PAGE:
The sponsor of a bill that would legalize the possession and growing of limited amounts of marijuana says it would end what he considers “inefficient and ineffective policing” that detracts from “rational law enforcement.

Representative Chris Kelly (photo courtesy; Tim Bommel, Missouri House Communications)

Representative Chris Kelly (photo courtesy; Tim Bommel, Missouri House Communications)

Representative Chris Kelly (D-Columbia) tells the House Committee on Crime Prevention and Public Safety, he once opposed the legalization of marijuana. He says it was during his time as a Boone County Associate Circuit Judge that he began to change his mind.

“I changed kind of gradually,” says Kelly. “I saw too many young people whose lives were ruined by convictions for small amounts of marijuana.”

Kelly’s bill would make legal the possession of up to a pound of usable or solid marijuana and up to 72 ounces of marijuana in liquid form. It would create a system for licensing growers and retailers and for taxing the sale of pot, while exempting those who grow their own in limited amounts.

It is the by-products that interested some parents who testified, including Heidi Rayl. She tells the committee Kelly’s bill would allow her to make a compound to treat her son, Zayden.

“He’s four years old and has a genetic condition that is very rare called MCSZ,” Rayl testified. She says the disorder has many symptoms, the most severe of which is intractable epilepsy. “I look at my son’s suffering and it breaks my heart that I can’t fix it. I can’t fix his boo-boo.”

Three law enforcement officer associations testified against the proposal.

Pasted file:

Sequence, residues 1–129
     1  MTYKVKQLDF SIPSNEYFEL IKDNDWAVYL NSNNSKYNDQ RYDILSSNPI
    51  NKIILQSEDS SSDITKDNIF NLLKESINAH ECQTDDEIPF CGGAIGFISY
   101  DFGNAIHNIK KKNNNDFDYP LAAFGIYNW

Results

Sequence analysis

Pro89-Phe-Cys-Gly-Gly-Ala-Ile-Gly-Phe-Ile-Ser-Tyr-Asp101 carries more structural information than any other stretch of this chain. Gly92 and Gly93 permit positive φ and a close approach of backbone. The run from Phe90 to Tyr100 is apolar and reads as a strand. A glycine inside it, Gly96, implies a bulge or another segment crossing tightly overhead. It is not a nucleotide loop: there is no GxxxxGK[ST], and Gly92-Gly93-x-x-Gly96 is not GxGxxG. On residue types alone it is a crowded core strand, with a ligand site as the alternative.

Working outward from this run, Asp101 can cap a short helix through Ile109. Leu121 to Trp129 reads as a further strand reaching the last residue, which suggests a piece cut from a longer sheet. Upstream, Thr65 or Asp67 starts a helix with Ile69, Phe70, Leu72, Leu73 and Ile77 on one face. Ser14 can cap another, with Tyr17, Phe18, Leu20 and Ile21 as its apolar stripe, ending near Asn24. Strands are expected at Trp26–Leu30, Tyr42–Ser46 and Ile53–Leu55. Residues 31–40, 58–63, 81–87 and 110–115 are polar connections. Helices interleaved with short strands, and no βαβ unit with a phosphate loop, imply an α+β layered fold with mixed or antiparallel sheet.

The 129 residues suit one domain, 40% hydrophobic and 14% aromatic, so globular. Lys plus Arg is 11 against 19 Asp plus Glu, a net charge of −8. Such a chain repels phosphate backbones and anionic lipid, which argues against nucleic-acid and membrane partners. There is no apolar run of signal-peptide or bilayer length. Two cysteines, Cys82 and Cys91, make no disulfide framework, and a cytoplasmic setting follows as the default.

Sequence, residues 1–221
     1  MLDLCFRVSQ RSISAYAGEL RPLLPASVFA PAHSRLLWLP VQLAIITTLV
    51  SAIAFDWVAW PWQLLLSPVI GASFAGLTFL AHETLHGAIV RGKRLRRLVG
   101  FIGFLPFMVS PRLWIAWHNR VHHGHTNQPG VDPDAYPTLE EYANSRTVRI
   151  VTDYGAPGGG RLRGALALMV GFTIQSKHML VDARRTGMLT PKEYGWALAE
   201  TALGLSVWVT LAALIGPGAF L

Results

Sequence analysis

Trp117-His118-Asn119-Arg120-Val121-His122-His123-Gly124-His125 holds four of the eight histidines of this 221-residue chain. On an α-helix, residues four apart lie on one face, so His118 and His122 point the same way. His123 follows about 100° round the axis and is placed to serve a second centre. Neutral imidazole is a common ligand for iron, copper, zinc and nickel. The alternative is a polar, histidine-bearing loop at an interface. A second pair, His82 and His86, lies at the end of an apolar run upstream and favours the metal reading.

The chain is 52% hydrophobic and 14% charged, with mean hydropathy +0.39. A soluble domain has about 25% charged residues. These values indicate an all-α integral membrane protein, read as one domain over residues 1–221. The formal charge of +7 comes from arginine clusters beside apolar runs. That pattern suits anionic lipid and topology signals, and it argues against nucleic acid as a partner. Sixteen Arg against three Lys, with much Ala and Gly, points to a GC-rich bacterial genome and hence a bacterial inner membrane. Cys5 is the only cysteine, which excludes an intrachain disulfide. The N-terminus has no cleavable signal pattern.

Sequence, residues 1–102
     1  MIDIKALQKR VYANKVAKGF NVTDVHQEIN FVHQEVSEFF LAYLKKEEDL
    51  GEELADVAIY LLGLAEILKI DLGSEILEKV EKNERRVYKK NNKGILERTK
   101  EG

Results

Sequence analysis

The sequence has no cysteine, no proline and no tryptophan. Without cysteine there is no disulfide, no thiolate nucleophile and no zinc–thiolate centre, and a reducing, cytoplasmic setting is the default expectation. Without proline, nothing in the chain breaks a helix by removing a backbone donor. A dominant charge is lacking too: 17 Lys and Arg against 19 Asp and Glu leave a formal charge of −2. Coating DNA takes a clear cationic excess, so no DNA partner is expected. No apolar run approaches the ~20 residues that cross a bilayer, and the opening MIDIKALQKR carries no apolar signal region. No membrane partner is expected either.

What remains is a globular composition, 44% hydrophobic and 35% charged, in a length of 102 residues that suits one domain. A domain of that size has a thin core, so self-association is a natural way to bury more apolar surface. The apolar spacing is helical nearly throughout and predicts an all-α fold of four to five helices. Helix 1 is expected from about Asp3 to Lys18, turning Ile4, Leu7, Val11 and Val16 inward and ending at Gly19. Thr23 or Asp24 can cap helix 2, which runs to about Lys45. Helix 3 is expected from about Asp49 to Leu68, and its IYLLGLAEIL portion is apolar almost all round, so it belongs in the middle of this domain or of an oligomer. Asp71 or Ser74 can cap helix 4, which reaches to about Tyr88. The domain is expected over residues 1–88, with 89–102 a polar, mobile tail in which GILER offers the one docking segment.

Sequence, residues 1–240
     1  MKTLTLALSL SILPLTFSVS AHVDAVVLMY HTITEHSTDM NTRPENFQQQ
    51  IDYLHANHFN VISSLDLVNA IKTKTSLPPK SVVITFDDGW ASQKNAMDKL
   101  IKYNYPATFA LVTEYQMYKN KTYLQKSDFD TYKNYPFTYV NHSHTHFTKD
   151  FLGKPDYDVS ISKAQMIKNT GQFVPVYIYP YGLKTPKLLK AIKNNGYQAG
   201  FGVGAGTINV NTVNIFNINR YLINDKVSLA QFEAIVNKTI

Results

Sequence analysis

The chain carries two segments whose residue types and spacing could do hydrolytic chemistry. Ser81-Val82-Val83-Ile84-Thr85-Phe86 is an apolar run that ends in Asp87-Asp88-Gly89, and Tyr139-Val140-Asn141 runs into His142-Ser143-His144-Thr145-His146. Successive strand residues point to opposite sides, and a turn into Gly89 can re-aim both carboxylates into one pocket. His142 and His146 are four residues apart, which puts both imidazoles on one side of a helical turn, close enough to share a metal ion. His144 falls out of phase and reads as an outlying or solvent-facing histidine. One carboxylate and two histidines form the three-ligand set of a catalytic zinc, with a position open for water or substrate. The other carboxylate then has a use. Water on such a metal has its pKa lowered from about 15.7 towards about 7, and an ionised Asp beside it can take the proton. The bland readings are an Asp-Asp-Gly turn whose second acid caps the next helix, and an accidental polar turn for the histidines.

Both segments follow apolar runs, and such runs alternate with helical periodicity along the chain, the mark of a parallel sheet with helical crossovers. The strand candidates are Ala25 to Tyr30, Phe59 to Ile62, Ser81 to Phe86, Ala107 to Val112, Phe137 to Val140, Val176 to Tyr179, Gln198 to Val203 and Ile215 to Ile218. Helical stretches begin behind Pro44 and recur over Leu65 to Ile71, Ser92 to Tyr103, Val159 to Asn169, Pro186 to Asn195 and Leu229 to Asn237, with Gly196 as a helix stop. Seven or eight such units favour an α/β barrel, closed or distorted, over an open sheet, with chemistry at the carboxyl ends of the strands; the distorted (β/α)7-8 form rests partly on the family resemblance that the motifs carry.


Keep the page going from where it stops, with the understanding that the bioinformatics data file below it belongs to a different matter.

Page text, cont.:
Jason Grellner with the Missouri Narcotics Officers Association tells a House Committee the state should proceed slowly with the pursuit of medical applications of marijuana.

He argues one of the unforseen consequences of marijuana legalization in other states has involved children getting a hold of products made with THC, the primary psychoactive agent in marijuana.

“When we have individuals that are making brownies, carrot cake, cookies, peanut butter, granola bars, ice cream … how’s a child supposed to know the difference between a brownie that isn’t infused with THC and one that is?” Grellner asks the committee. “You have marketing of ring pops, of marijuana and THC-infused sodas with pictures of horses and apes.”

Michael Halford with the Troopers’ Association shares the concern that because legalization would make marijuana more available, it would result in more children getting their hands on it.

Halford asks the committee to consider, “We’ve failed the children in keeping alcohol and tobacco out of their hands. How are we going to actually keep marijuana out of their hands?”

The committee has not held a vote on the proposal.

LISTEN TO Rep. Chris Kelly present his legislation and field questions, 11:44